- Kelly Gichochi as Kate
- Janice Mugo as Faith
- Rosemary Wayua as Kate's Mother
- Jimmy Wanjala as Angelo
- Paul Ogola as Patrick
- Allan Weku as Kama
- Tim Mutungi as Ray
- Maina Olwenya as Athman
- Miriam Wachuka as Fiona
- Mugambi Nthiga as Jeff
- Louis Brooke as Roman
- Rose Njenda as Liz
- Judy Gichochi as Achieng
- Allan Bryan Weku as Allan Weku
Writing Credits (in alphabetical order):
- Jim Chuchu
- Njoki Ngumi
Producers (in alphabetical order):
- George Gachara (Executive Producer)
- Steven Markovitz (Executive Producer)
- Wangechi Ngugi (Producer)
Cinematographers (in alphabetical order):
- Dan Muchina
- Jim Chuchu
Film Editors (in alphabetical order):
- Dan Muchina
- Jim Chuchu
- Sunny Dolar
Sound Department (in alphabetical order):
- George Aloo
- Noel Kasyoka
- Belal Hibri (colorist)
- Tasnim Ranger
- Njoki Ngumi
Stories of Our Lives is an Anthology of five vignettes. Each one focuses on different characters and tells a different narrative; but they all tell the same story. That of love -- the way in which it is both frighteningly familiar and intimately alien.
(1) Ask Me Nicely. Set in a Kenyan all-girls high school, troublemaker student Kate encounters Faith. Their attempts at maintaining their intimate relationship a secret one is spoiled when their peculiar affinity catches the Principal's attention. In an effort to separate the two, Kate is suspended, during which she engages in a spontaneous sexual encounter with a boy from her neighborhood. What was an attempt to explore her sexuality and confirm her affections toward Faith will soon affect their in irreversible ways.
(2) Run. This vignette starts with a business interaction between a disc duplicator and best friends Kama and Pato. The pair pass by a gay bar resulting in Kama going on a rant about his hatred for homosexuals. A few days later, Pato decides to go back to the bar in which he ends up having an amatory experience with a gay man. Overwhelmed, Pato heads out for some air -- exposing himself to Kama who witnesses his best friend come out of a gay venue. The next day, Kama confronts Pato and it quickly escalates into a violent clash between the two. Pato runs.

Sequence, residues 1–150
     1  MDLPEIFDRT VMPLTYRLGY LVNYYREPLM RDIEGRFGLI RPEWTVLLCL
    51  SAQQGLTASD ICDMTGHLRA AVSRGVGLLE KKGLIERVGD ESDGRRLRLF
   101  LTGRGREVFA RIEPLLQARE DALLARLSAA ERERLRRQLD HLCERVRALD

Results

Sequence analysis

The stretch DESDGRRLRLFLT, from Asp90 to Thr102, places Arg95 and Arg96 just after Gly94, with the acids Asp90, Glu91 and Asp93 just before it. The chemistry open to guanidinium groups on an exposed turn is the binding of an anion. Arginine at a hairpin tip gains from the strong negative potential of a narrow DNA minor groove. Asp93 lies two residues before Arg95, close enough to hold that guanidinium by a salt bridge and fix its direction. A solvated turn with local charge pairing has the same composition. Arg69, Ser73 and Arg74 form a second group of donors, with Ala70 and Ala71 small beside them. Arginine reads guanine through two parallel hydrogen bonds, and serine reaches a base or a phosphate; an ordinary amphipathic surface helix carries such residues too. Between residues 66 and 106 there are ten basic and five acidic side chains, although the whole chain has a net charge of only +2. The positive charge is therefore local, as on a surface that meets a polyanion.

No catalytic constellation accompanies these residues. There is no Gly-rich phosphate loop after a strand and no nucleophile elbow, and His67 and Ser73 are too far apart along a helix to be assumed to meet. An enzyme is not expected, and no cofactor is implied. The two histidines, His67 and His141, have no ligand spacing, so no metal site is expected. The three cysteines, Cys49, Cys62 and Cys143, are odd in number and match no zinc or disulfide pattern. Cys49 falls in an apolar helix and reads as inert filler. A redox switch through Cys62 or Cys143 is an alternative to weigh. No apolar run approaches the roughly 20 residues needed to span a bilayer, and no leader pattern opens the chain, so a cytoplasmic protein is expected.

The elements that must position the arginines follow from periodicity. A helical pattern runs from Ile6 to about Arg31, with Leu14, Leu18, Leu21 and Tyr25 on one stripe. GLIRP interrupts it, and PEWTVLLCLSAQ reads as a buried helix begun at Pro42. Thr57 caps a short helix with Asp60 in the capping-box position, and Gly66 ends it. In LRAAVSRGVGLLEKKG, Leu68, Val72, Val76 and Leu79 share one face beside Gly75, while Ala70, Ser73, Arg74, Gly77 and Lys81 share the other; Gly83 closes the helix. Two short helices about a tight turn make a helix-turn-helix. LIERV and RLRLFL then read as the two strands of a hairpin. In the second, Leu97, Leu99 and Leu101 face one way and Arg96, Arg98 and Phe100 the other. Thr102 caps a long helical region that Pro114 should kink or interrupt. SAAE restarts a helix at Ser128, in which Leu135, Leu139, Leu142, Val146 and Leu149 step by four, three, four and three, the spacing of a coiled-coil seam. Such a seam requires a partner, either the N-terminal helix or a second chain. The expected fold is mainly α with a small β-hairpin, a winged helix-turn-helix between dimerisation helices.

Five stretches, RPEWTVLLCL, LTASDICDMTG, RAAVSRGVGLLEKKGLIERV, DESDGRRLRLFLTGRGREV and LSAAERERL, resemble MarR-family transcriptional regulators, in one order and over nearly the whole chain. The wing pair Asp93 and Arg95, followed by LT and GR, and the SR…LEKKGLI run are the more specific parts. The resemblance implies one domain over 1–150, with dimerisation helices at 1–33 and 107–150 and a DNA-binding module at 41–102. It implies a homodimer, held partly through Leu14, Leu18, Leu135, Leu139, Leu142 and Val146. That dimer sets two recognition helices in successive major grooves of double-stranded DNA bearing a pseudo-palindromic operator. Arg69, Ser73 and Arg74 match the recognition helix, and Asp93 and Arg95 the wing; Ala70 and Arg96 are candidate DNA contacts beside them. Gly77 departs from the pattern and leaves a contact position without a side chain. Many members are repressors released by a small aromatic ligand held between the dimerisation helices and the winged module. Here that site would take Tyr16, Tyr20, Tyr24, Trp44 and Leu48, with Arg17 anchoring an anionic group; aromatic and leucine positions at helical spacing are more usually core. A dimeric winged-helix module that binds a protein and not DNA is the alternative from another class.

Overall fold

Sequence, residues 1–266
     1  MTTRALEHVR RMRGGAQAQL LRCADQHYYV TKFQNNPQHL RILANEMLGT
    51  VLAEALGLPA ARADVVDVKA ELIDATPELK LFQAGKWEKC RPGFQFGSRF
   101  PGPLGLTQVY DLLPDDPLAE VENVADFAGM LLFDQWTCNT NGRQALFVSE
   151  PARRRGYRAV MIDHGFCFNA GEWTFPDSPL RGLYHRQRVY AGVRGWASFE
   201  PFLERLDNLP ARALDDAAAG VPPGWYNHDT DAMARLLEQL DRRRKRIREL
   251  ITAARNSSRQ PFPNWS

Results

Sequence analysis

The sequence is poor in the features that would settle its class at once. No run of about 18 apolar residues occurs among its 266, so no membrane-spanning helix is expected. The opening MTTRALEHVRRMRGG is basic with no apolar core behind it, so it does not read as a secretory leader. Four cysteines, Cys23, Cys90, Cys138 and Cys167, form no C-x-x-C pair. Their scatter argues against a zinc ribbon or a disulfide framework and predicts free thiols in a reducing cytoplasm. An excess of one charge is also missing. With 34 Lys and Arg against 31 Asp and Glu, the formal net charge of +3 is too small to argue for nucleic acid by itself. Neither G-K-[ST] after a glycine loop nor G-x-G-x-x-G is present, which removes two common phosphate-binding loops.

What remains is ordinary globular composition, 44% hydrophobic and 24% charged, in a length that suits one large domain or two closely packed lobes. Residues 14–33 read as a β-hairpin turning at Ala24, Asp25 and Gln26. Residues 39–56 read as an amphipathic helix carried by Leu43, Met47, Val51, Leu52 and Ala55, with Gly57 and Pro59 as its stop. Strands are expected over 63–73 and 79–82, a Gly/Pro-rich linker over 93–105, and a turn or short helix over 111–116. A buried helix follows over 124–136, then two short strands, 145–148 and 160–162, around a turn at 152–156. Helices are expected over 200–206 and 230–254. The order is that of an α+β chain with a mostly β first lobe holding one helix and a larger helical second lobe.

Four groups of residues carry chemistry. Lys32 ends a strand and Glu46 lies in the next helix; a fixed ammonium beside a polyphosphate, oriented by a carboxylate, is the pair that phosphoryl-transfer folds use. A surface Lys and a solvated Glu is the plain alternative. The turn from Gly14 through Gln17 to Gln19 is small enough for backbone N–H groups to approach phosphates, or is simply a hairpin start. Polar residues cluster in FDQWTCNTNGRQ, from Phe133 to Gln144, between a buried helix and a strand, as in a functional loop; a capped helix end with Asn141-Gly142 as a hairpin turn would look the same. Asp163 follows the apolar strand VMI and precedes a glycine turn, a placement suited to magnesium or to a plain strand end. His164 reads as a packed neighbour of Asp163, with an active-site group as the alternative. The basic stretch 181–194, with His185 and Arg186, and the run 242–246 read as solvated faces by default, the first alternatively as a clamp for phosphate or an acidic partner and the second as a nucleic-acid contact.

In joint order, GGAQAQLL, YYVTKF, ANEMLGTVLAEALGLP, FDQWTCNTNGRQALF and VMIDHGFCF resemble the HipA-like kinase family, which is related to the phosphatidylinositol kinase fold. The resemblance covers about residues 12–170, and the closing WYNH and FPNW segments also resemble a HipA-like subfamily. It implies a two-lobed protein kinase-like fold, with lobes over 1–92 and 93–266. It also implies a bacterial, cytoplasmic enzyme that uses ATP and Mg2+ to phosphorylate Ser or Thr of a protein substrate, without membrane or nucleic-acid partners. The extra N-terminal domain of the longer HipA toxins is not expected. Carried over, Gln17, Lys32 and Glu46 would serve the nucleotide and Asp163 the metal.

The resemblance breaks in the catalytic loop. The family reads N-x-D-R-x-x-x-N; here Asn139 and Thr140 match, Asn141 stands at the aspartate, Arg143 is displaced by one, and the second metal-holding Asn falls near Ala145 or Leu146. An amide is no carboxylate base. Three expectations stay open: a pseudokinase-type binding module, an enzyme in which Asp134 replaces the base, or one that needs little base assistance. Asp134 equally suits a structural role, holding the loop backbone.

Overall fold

(3) Athman. The story of a friendship between Athman and Ray -- both of whom work in a farm together -- is a complicated one. They both love each other, but in very different ways. One day, after Ray is visibly upset about Athman's blatant flirting with his new lover Fiona, the friends decide to have a conversation. Athman tells him that he isn't gay and cannot love him other than platonically. To which Ray declares that he will leave the farm and look for another job; for, it is easier to never see the object of his affection than to face daily rejection. Athman fights for his friend and implores him to stay. Alas, the unreciprocated love becomes too much for Ray to bear and he runs away. Athman finds out that his best friend has left and desperately tries to catch him. He is too late.
(4) Duet. This story is shared between two people. One is Jeff, a Kenyan man who is in the UK attending a conference on Gender Diversity, and the second is Roman, a British university student who is trying to make ends meet through sex work. Jeff, who is increasingly nervous, asks for the two to talk before engaging in sexual activity. The two discuss interracial relationships and the dynamics of race within the context of pornography. The two share an intimate moment -- physical but not sexual -- and create a sensual bond.
(5) Each Night I Dream. Feeling helpless after hearing announcements from Kenyan local legislators that citizens should mobilize to fight against 'gayism' and perform citizen arrests against homosexuals, Liz escapes through her dreams. She dreams about what might happen if they get caught, if they should fight or run, what would they leave behind, and where would they go? Combined with tragically real uprisings against 'gayism', it is hard to tell what is a dream and what isn't. This vignette delves into tribal stories and ends with Afrofuturist tones -- calling upon the alien nature of marginalization.
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